Route damn spot, Route I say. or Rooting for a Rout.

| 2 Comments

Route


In my lab today we had a discussion over the proper way to say the word "Route" dictionaries and professional linguists who were consulted give both "root" and "rout" as acceptable pronunciations, leaving us no wiser than before.

But online, we find this Dialect survey (color matching the map).


Dialect Survey Results:


"26. route (as in, "the route from one place to another") 
     a. rhymes with "hoot" (29.99%)
     b. rhymes with "out" (19.72%)
     c. I can pronounce it either way interchangeably (30.42%)
     d. I say it like "hoot" for the noun and like "out" for the verb. (15.97%)
     e. I say it like "out" for the noun and like "hoot" for the verb. (2.50%)
     f. other (1.40%)
     (11137 respondents)"




As a north-easterner myself, It was always take Root 29 or Root 95, but in the South, we were on Rout 85. In the midwest, it seems more Rout than Root. In any case the "e" is superfluous, as it doesn't modify in a consistent way, since we already have a double vowel. The word is also superfluous, since we already have the word "road" from the same root. Damn French imports.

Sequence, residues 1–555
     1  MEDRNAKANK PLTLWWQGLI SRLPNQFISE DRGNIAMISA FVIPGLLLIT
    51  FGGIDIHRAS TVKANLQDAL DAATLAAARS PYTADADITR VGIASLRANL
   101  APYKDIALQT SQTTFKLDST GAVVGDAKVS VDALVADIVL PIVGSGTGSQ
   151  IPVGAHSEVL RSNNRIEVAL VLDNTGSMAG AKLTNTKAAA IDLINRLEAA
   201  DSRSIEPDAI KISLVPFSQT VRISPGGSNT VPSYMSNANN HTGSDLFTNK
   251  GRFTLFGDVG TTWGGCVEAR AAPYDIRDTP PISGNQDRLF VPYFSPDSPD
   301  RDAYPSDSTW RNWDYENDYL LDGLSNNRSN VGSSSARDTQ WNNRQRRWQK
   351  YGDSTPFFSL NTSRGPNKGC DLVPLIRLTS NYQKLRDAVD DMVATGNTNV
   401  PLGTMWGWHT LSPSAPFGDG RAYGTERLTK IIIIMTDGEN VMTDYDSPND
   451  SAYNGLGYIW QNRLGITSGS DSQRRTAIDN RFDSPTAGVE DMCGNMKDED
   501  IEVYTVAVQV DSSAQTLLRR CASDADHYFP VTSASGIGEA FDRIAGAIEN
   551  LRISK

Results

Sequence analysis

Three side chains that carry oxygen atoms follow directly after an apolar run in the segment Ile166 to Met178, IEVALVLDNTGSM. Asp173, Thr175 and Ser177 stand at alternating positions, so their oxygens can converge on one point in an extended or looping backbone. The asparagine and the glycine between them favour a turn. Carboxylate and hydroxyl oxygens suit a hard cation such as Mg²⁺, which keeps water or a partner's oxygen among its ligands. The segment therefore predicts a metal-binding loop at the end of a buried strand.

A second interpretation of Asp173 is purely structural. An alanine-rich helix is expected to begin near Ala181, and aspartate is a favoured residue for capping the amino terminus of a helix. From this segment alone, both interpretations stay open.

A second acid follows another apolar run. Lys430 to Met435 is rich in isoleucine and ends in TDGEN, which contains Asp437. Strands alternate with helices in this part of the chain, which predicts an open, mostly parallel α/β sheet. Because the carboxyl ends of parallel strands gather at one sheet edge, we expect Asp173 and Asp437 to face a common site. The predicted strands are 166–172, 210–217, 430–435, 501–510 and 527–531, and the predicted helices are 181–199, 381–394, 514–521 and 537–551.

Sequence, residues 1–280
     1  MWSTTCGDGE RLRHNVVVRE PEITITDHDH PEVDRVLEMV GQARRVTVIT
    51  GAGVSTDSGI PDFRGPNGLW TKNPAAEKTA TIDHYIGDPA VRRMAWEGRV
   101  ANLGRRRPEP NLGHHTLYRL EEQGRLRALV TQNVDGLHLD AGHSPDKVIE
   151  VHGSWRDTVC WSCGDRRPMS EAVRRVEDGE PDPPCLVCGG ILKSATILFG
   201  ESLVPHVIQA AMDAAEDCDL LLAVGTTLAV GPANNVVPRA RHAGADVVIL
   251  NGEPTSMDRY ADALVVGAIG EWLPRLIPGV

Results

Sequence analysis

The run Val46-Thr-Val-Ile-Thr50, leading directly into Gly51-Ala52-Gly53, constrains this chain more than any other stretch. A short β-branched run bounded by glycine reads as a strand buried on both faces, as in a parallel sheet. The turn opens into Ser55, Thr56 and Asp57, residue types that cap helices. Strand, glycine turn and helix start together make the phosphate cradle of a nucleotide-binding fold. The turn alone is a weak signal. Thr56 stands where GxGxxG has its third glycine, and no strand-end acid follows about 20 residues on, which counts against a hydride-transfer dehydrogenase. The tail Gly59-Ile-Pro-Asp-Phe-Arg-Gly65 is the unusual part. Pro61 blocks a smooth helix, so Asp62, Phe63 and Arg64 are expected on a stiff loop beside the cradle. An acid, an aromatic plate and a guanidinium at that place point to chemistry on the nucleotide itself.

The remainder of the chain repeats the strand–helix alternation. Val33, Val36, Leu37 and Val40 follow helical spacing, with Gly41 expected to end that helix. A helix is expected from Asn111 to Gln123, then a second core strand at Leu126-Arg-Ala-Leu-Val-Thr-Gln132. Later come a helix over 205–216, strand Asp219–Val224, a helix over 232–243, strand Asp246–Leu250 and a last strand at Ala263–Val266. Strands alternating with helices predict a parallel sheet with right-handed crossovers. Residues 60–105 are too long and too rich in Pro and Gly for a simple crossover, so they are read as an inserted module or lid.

Etymology online says: route (n.) early 13c., from O.Fr. rute "road, way, path," from L. rupta (via) "(a road) opened by force," from rupta, fem. pp. of rumpere "to break" (see rupture). Sense of "fixed or regular course for carrying things" (cf. mail route) is 1792, an extension of the meaning "customary path of animals" (early 15c.).

See also this on Highway Linguistics

2 Comments

I don't care whether people say "root" or "rout" for highways (I'm sure I switch between both), but I do get really annoyed when people talking in the context of networking use "rooter" when talking about routers.

I thinks its more important to focus on those who run the route than the pronunciation of the word. People don't realize how important the route is until they need to use it. Id like to share a glimpse into those who use these roads everyday.

A Glimpse on the Life of a Driver Hauling a Vehicle all Over the Country

If you think that the driver who is tasked to do the job of hauling a vehicle have an easy time doing it, then you are wrong. A person who is thinking of engaging in a car shipping or transporting business should gain a full understanding about some facts linked to this industry. While this is a fascinating business for those who enjoy driving long distances, doing this for a profession is tough. This requires tough people who are capable of smoothly handling all the tasks at hand regardless of the distance that they need to drive. Drivers in this field should also have the experience in handling heavy-duty and highly dangerous cargo transportation. This is the main reason why you need to be really careful when choosing an auto transporter if you are thinking of shipping your car to another place.